Vaccines do not carry any live virus and there is no risk of developing COVID from a vaccine, according to Okanogan County Public Health.
Public health organizations have had to address a number of other widespread myths about the COVID-19 vaccine. According to the CDC and Washington state Department of Health, the vaccine does not contain microchips, will not make you magnetic, make you sterile or infertile or alter your DNA. In fact, the vaccine is strongly recommended to pregnant women.
Frey and other attendees Friday also cited data on the Vaccine Adverse Event Reporting System (VAERS), which takes reports from doctors, individuals and other sources on possible adverse reactions to vaccines, or associated with vaccines. The reports are then tabulated and investigated and spreadsheets of those reports are available online.
According to the Centers for Disease Control, “Reports of death after COVID-19 vaccination are rare. More than 380 million doses of COVID-19 vaccines were administered in the United States from December 14, 2020, through September 13, 2021. During this time, VAERS received 7,653 reports of death (0.0020%) among people who received a COVID-19 vaccine.”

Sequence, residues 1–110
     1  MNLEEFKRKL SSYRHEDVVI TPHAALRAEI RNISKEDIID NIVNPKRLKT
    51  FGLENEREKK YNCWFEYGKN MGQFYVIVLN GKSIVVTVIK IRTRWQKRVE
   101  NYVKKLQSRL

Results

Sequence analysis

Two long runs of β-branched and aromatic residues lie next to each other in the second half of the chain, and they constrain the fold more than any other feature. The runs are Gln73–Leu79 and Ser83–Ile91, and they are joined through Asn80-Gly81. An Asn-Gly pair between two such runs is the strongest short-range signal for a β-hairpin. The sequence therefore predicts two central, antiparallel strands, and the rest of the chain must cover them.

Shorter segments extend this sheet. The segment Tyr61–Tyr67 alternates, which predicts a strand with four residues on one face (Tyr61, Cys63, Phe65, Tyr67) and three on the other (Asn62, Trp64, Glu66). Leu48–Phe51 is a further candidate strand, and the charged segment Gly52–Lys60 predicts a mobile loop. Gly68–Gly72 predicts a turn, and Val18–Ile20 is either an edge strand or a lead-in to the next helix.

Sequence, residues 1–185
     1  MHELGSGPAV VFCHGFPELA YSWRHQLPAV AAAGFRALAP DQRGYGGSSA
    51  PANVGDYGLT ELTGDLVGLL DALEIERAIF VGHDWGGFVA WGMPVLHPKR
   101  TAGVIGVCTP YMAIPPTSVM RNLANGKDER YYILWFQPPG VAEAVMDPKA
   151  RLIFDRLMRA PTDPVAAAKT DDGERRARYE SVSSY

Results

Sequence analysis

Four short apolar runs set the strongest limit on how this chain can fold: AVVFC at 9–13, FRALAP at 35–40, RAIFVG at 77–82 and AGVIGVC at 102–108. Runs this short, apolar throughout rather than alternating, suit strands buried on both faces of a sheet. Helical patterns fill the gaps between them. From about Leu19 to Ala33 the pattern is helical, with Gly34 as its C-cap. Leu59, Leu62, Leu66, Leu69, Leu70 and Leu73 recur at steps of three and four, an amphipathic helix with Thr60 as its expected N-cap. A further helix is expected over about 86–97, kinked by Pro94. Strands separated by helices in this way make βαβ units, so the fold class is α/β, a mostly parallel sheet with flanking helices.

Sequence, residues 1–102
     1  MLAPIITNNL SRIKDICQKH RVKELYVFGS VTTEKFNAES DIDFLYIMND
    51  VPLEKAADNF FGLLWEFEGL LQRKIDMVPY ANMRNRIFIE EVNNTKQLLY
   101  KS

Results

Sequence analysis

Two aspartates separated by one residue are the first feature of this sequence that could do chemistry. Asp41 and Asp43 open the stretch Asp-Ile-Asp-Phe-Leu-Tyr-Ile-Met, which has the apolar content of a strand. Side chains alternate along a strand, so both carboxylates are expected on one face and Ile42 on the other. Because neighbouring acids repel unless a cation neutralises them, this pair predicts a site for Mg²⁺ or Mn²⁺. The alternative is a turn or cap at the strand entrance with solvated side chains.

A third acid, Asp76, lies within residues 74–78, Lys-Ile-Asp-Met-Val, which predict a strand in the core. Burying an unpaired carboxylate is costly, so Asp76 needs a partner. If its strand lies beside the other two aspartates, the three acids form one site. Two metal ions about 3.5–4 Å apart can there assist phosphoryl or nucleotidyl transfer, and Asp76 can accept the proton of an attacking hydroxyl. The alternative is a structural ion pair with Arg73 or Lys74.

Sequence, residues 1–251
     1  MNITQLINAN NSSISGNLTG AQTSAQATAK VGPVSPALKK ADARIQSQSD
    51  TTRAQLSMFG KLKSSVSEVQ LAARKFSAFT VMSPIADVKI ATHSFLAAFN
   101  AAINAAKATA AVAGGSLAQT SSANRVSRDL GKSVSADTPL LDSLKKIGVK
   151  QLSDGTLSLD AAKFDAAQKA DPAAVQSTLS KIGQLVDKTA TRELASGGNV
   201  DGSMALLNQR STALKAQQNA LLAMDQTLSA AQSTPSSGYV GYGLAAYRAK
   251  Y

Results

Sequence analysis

More than 671,000 people in the United States have died from COVID-19 since early 2020.
The CDC states that reports of adverse effects to VAERS are only reports, and not a legal or medical determination that the vaccine in fact caused a death — but that a person received a vaccine at some point before they died.
“Recently, the number of deaths reported to VAERS following COVID-19 vaccination has been misinterpreted and misreported as if this number means deaths that were proven to be caused by vaccination. Reports of adverse events to VAERS following vaccination, including deaths, do not necessarily mean that a vaccine caused a health problem,” the CDC states.
COVID-19 Vaccines are associated with some severe but rare side effects, including a rare blood clot condition associated with the Johnson & Johnson vaccine and myocarditis or pericarditis after Moderna or Pfizer vaccines. Most-common side effects include sore arms and fatigue.
As of this week, Pfizer is applying for an EUA to administer its vaccine to children from 5 to 12 years old. Right now, the Pfizer-BioNTech vaccine is available to children as young as 12 through an EUA.
Last week, an FDA panel voted to approve a third shot of the Pfizer vaccine six months after the second dose for patients 65 and older, for people at risk of severe illness and for people whose jobs put them at high risk. The panel didn’t address doses for the Moderna and Johnson & Johnson vaccines.
Locally, vaccines are available through a number of organizations. The weekly vaccine clinic at the Okanogan County Fairgrounds has been reopened, and takes place from 8 a.m. to 10 a.m. Friday mornings in partnership between Okanogan County Public Health, Okanogan County Emergency Medical Service and Lifeline.
For more information on getting a vaccine go to okanogancountycovid19.org/covid-19-vaccine/.
Methow Valley News reporter Marcy Stamper contributed to this story.